Russia’s Putin speaks to Belarus, central Asia allies, following Wagner mutiny

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Russian President Vladimir Putin on Saturday spoke to his Belarus ally, President Alexander Lukashenko, in his first international phone call since a mutiny by Wagner mercenaries inside Russia.

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“The president of Russia called the president of Belarus this morning, there was a phone conversation,” Belarusian state media reported.

“Vladimir Putin informed his Belarusian colleague about the situation in Russia.”

Lukashenko, who allowed Russian troops to use Belarusian territory as a launchpad for their Ukraine offensive, has remained Putin’s closest ally.

The Kremlin later said Putin also spoke to the president of Kazakhstan, Kassym-Jomart Tokayev, and the president of Uzbekistan, Shavkat Mirziyoyev.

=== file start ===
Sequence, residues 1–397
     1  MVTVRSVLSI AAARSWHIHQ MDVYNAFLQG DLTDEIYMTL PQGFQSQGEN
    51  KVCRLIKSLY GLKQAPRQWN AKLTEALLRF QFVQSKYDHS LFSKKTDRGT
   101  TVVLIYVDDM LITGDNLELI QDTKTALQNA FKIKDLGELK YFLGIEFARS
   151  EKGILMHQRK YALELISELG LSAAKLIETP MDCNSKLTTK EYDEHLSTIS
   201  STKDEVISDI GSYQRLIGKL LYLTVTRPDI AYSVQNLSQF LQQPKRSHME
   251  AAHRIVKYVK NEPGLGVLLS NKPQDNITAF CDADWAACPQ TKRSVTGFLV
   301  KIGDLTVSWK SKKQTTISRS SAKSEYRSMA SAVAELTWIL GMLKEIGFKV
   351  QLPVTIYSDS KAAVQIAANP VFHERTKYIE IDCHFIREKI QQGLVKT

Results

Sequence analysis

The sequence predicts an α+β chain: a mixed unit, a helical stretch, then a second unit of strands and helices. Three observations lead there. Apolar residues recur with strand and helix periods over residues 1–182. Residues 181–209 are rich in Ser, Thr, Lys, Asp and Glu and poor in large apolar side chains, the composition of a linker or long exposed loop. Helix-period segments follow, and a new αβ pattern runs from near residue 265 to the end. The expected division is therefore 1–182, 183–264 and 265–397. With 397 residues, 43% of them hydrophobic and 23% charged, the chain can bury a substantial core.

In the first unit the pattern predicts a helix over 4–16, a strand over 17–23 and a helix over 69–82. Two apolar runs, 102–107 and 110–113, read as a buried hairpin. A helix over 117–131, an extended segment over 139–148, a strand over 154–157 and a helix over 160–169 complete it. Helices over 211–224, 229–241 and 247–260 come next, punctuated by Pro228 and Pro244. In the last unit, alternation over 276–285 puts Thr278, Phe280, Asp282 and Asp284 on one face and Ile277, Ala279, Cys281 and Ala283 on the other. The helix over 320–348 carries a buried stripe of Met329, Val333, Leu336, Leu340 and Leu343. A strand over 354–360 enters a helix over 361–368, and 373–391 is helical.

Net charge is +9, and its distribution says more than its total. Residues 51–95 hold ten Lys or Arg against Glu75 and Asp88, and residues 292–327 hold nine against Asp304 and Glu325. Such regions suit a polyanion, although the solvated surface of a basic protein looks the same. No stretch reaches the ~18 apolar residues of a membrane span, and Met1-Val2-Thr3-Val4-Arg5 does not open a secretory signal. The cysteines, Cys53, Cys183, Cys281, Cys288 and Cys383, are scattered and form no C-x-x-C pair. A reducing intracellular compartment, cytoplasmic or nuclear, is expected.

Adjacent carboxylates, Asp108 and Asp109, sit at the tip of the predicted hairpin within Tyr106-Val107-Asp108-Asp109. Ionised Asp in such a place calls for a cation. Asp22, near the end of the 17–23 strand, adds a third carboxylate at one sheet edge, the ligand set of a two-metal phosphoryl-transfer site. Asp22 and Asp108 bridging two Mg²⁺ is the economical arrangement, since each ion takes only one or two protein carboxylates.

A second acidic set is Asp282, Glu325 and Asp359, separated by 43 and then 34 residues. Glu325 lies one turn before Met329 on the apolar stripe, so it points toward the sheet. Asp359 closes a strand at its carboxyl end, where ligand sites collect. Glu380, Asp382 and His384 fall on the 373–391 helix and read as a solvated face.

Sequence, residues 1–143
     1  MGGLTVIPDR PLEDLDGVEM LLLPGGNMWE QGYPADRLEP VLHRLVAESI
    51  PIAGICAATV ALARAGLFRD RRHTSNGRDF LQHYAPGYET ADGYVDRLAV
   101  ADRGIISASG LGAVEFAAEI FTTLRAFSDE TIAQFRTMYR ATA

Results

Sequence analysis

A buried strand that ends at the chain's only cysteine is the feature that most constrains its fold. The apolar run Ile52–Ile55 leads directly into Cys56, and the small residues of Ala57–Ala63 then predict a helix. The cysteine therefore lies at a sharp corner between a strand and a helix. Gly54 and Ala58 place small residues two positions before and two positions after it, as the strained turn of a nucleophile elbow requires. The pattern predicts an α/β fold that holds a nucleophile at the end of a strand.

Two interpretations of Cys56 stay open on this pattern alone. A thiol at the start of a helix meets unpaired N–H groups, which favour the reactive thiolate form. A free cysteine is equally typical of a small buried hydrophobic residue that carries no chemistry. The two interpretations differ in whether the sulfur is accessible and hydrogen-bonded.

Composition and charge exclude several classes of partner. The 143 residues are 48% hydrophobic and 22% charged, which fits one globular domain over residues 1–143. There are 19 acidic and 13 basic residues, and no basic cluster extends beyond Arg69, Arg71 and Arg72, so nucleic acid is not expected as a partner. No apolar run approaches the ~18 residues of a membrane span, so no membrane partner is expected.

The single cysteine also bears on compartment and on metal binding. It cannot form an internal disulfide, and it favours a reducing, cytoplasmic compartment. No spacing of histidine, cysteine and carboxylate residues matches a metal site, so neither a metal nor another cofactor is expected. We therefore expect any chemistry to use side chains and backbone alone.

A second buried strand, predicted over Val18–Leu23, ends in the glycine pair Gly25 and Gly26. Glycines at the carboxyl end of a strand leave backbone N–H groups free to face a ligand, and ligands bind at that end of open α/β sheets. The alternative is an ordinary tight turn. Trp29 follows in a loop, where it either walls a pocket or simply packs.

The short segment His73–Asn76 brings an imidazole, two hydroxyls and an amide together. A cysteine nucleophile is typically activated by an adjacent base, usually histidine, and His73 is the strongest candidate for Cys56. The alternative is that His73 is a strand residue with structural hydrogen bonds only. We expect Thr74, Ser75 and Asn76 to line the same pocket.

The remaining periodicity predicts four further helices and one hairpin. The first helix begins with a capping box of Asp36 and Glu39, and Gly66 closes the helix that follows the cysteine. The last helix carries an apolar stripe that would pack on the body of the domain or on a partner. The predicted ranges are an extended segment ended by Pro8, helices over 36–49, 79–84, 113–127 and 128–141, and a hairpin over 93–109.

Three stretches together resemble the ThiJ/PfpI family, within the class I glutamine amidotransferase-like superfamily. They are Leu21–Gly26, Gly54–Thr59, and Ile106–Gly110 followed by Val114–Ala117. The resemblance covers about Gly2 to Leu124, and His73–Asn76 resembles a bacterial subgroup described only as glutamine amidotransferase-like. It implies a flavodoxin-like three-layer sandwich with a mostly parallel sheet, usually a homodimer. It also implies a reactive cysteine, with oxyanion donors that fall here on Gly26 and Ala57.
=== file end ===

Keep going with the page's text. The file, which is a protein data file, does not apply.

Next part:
“The president informed them about the situation (in Russia),” Putin’s spokesman Dmitry Peskov was quoted as saying by Russian news agencies.

According to Kazakh media, Tokayev told Putin that events in Russia were an “internal affair,” and Putin thanked him for his “understanding” of the situation.

Putin, who has few allies on the international stage after launching the Ukraine offensive last year, called the Wagner mutiny a “stab in the back.”

Read more:

Russia declares ‘anti-terrorist operation regime’ in Moscow

Zelenskyy adviser describes Wagner actions as ‘counter-terrorist operation’

UK: Loyalty of Russian security forces will be ‘key’ to how Wagner’s mutiny plays out

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